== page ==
Polling finds strong support for educator strike among Oregonians
A recent poll conducted by GBAO Strategies found Oregonians are strongly inclined to stand with educators as they work to address the many challenges facing public schools in Oregon. Respondents expressed concerns about many issues facing public schools and a large majority say they would support educators if they needed to strike to advocate for these issues.
- Oregonians express concerns about a range of issues facing public schools, including teacher shortages and teacher burnout, teacher salaries, inadequate funding, and a lack of mental health supports.
- Oregonians would support educators if they went on strike to advocate for a range of issues, especially hiring more teachers, reducing class size, increasing compensation, and increasing support to reduce disruptive learning environments.
- Support for teacher strikes is high across the state, including all four districts we oversampled. It’s especially high in the Portland School District. In the Bend-La Pine district, support is highest for strikes about recruiting and retaining highly-qualified educators, while in the Eugene district it’s highest for lowering class sizes.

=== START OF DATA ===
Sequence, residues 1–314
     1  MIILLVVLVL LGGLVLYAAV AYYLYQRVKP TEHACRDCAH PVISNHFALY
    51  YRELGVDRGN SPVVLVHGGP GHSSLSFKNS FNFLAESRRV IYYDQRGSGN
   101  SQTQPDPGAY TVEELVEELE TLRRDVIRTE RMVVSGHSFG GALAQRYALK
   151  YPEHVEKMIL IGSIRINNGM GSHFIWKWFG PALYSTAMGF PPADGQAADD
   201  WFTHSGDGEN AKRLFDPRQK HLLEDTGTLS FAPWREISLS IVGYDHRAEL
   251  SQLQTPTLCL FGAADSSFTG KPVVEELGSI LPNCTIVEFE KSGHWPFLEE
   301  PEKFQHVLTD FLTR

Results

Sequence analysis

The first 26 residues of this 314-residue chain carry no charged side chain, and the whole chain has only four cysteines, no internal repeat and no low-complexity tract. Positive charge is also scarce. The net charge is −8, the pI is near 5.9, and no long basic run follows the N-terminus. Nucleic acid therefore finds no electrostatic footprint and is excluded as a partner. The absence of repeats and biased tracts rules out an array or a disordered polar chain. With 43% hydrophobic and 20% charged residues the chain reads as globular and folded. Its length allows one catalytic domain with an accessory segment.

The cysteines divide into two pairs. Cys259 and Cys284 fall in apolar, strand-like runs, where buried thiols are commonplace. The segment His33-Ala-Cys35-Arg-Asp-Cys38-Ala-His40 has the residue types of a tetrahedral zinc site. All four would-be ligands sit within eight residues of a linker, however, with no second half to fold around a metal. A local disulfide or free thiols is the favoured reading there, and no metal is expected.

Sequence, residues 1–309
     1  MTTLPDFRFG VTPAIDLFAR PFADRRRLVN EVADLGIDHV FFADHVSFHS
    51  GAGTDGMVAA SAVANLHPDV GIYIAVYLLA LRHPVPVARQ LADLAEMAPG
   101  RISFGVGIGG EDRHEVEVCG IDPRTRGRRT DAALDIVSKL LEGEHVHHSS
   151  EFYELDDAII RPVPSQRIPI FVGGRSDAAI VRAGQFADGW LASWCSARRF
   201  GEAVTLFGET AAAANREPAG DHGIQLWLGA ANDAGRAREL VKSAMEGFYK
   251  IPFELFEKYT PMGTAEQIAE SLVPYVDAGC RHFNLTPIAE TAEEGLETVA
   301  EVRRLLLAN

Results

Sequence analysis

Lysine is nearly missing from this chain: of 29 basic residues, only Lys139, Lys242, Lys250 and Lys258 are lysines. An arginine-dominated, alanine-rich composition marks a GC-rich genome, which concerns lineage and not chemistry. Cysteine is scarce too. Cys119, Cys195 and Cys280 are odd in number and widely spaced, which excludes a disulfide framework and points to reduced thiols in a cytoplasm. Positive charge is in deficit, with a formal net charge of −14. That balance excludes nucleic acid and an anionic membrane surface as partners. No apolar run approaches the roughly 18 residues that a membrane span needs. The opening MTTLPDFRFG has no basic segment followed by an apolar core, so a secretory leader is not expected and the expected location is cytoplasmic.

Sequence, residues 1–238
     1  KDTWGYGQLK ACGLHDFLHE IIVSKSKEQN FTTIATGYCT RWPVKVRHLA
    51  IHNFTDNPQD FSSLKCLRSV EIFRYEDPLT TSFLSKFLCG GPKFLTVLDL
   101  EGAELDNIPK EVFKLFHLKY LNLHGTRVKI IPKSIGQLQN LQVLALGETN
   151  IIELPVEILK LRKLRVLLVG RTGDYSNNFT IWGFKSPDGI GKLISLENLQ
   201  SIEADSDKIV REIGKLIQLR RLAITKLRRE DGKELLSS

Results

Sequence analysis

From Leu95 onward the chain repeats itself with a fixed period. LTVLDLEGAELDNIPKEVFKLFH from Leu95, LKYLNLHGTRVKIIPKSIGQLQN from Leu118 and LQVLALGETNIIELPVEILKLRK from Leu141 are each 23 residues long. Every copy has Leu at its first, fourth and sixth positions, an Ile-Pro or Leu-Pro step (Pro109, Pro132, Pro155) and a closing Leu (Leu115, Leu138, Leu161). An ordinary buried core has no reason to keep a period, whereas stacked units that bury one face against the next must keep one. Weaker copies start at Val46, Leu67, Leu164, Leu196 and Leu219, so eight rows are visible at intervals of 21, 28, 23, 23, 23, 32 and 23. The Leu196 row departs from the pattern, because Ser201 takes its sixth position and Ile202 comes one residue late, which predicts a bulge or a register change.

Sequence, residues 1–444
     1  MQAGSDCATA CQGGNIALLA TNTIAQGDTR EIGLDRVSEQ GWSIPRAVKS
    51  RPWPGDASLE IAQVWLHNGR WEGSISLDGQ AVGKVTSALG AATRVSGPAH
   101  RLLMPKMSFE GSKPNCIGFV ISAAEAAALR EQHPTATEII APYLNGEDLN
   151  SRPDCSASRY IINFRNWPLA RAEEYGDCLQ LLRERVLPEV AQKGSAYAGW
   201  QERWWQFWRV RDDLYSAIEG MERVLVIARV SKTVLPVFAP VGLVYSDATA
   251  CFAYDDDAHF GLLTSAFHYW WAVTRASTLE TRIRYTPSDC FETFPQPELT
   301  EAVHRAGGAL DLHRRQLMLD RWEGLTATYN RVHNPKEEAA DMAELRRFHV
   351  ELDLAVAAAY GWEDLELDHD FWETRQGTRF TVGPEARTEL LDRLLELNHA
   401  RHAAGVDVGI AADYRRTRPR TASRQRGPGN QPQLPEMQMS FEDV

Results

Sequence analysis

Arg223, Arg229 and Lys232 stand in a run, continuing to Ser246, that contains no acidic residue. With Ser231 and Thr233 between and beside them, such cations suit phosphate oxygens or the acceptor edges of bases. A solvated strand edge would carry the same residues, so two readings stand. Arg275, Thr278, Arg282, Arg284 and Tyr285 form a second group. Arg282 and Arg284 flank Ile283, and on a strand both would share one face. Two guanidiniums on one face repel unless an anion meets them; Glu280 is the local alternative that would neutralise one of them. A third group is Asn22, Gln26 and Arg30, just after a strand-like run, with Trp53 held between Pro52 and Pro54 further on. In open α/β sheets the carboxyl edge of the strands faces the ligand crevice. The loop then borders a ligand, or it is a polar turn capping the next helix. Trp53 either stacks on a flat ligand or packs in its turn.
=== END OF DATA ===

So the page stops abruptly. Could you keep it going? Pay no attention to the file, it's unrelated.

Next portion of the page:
These findings are from a poll of 1,000 registered voters in Oregon—600 voters statewide with oversamples of 100 voters each in the Portland, Salem-Keizer, Eugene, and Bend-La Pine School Districts, conducted via landline, cellphone, and text-to-web, September 14-19, 2023. The margin of error is 4.0 percentage points at the 95-percent confidence interval.
86% of respondents felt that teacher shortages are a serious issue facing public schools. Other top issues were teacher burn out (84%) and student-teacher ratio (84%).
89% of respondents said they would support educators going on strike to advocate for recruiting and retaining highly-qualified educators. 87% said they would support educators going on strike to advocate to reduce the number of students per class.
Support for teacher strikes in the Portland district is especially high, with 91% supporting striking to invest resources in recruiting and retaining highly-qualified educators and 87% support striking to hire more teachers to reduce the number of students per class/lowering class size to increase the amount of support students receive.